Home Remedies for Shingles

There are many different home remedies for the treatment of shingles (herpes zoster).

Some natural remedies are recommended by medical experts because they have scientific evidence supporting their efficacy. Others may have very little clinical research data to back the claims of their safety or effectiveness.

home remedies for shingles

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Baths

There are several types of therapeutic baths recommended as a home remedy for shingles, including:

Cool Water Baths

Soaking in a cool water bath (or taking a cool shower) for approximately 15 minutes helps to relieve some of the pain and itchiness caused by shingles. Bathing daily also helps keep the skin clean, lowering the chance of skin infection. 

Do not use harsh soaps and avoid scrubbing the blistered areas vigorously. Rather, gently cleanse the skin with a fragrance-free cleanser. After a bath, pat the rash dry with a clean cotton towel (avoid rubbing the skin aggressively with the towel). Launder the towel right away to avoid spreading the virus to others.

Oatmeal Baths

Oatmeal is known to help relieve itching; when oatmeal is combined with lavender essential oil, it is said to help relieve some of the burning and itching associated with common symptoms of shingles.

Water Temperature

The water should not be hot, because hot water increases blood flow, which can worsen blisters. That said, it’s also important to avoid ice water since extreme cold temperatures will increase the sensitivity of the skin.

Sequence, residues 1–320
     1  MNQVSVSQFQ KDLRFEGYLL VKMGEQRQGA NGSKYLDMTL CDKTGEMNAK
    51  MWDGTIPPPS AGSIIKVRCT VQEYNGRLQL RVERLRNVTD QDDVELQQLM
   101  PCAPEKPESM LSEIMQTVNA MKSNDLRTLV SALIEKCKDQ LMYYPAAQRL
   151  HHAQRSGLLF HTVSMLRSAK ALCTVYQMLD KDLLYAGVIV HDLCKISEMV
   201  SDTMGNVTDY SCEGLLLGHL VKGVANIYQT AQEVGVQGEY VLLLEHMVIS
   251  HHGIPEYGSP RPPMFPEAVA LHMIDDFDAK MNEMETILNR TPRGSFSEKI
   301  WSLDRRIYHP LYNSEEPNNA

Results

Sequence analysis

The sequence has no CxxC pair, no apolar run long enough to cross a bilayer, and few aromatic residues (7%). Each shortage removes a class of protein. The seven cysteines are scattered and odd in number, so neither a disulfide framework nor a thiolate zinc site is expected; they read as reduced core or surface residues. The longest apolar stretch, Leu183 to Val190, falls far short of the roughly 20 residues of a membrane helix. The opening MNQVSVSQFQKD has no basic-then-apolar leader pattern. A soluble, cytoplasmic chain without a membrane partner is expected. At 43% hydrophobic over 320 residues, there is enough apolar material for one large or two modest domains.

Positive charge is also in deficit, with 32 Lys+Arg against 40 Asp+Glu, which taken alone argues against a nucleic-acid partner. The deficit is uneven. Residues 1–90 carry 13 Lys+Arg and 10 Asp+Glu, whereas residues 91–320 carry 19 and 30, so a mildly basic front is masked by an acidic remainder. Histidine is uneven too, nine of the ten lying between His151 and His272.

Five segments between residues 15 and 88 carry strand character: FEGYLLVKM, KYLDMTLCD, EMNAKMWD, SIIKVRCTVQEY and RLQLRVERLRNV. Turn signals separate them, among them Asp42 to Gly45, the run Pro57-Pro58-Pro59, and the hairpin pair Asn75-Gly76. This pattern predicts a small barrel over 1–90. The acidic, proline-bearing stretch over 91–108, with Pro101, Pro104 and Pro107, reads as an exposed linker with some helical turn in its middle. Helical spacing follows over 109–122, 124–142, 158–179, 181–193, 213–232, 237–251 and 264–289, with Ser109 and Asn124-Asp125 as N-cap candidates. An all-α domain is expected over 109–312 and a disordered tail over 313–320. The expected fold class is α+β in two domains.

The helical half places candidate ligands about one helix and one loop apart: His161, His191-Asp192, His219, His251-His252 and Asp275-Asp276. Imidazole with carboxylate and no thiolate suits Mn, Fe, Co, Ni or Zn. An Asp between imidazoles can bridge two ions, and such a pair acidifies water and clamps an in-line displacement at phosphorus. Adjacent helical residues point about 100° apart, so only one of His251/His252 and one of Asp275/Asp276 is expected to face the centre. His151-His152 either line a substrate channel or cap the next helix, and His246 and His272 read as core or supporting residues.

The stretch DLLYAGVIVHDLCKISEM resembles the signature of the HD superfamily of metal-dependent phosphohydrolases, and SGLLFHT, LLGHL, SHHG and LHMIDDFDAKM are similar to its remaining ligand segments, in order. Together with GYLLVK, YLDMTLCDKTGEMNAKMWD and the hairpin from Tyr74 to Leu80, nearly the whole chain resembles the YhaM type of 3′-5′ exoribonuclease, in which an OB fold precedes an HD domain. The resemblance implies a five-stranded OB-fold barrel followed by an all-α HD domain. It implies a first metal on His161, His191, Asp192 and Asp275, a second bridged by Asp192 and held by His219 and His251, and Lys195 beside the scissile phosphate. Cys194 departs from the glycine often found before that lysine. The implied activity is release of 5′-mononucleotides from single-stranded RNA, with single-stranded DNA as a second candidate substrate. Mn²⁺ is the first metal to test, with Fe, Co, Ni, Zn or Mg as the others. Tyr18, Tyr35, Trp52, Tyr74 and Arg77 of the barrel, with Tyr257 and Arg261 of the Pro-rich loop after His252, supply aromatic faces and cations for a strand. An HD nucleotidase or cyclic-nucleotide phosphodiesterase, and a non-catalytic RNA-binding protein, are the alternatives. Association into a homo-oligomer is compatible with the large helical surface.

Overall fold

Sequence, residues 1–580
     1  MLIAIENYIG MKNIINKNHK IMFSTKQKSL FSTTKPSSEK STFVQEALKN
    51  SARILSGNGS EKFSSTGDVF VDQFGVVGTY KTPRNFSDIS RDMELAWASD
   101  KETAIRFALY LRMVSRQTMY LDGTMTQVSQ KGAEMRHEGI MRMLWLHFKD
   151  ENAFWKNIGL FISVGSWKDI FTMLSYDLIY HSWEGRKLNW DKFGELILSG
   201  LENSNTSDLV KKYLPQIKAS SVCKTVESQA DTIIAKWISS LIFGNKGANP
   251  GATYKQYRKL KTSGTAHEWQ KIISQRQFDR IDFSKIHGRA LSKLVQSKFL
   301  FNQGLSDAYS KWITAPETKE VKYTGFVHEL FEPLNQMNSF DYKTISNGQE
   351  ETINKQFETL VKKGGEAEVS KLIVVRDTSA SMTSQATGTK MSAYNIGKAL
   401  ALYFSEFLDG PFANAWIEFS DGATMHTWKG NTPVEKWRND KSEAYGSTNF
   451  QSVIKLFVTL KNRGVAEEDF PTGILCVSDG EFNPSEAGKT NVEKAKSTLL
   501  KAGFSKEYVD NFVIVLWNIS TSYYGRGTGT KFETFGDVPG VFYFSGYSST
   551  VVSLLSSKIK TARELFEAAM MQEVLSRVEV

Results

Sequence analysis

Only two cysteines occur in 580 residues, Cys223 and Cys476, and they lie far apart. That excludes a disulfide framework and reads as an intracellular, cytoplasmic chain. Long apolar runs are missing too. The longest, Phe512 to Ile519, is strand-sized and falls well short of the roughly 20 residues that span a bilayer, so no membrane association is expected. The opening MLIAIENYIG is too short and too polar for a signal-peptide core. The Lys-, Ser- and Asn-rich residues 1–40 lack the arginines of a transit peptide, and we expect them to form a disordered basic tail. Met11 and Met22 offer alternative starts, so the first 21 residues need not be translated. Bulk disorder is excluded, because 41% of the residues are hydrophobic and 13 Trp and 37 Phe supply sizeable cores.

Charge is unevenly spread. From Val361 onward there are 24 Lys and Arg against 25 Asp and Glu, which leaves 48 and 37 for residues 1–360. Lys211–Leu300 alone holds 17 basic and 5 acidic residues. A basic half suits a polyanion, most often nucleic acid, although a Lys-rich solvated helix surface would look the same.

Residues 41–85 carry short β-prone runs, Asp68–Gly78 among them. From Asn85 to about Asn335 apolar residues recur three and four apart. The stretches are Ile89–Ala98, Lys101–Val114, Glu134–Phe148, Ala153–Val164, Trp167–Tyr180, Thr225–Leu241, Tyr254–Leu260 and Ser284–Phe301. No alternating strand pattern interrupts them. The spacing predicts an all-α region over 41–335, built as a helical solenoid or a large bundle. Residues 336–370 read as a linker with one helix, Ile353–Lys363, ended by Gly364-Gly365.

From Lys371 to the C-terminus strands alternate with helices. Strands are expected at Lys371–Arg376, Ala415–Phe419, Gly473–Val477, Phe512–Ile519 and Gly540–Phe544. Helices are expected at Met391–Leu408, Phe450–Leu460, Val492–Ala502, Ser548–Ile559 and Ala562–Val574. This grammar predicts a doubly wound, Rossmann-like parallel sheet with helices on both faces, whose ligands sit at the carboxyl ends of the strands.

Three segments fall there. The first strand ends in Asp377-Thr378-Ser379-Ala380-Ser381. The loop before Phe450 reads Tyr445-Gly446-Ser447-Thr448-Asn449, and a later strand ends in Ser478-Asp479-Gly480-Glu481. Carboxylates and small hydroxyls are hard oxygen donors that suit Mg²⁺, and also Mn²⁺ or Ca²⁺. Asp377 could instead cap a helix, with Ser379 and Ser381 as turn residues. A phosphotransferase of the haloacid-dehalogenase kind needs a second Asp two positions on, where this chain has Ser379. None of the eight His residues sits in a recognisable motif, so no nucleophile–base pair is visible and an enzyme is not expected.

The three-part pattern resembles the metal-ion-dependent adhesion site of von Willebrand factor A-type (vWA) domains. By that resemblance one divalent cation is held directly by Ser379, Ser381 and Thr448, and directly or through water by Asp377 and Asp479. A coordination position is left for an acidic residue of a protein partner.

Cool Compresses

Cool compresses can be used several times per day on shingles to lower:

  • Pain
  • Burning sensation
  • Itching
  • Inflammation

Be sure to use a clean washcloth each time you begin a new sequence of compresses to help prevent infection.

Some experts suggest adding a white vinegar solution to the cool compress to help soothe the pain from herpes blisters. Vinegar is very acidic and could burn your skin if not diluted properly; a safe dilution ratio is one tablespoon of vinegar to one cup of water. Diluting vinegar doesn’t guarantee its safety, so be sure to consult with your dermatologist before using vinegar for cold compresses.

Witch Hazel

Witch hazel is available in a cream form to be applied to the skin in the areas where itching, pain, and inflammation are present from the shingles rash.

A study found that chamomile cream was equal to hydrocortisone cream (0.25%) in treating some skin conditions. But a double-blind study found that chamomile was less effective than witch hazel for reducing inflammation of the skin.

Soothing Paste

A soothing paste composed of baking soda or cornstarch can be made by combining two parts cornstarch or baking soda to one part water. The mixture should be combined to form the consistency of a paste. It can then be applied to the rash for 10–15 minutes. This soothing paste can be reapplied several times each day as needed.